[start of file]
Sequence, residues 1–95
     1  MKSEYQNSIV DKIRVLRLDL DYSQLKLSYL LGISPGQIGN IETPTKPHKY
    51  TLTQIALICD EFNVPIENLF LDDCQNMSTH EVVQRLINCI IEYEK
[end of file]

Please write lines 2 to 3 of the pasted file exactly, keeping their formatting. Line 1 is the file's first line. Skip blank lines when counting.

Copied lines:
     1  MKSEYQNSIV DKIRVLRLDL DYSQLKLSYL LGISPGQIGN IETPTKPHKY
    51  TLTQIALICD EFNVPIENLF LDDCQNMSTH EVVQRLINCI IEYEK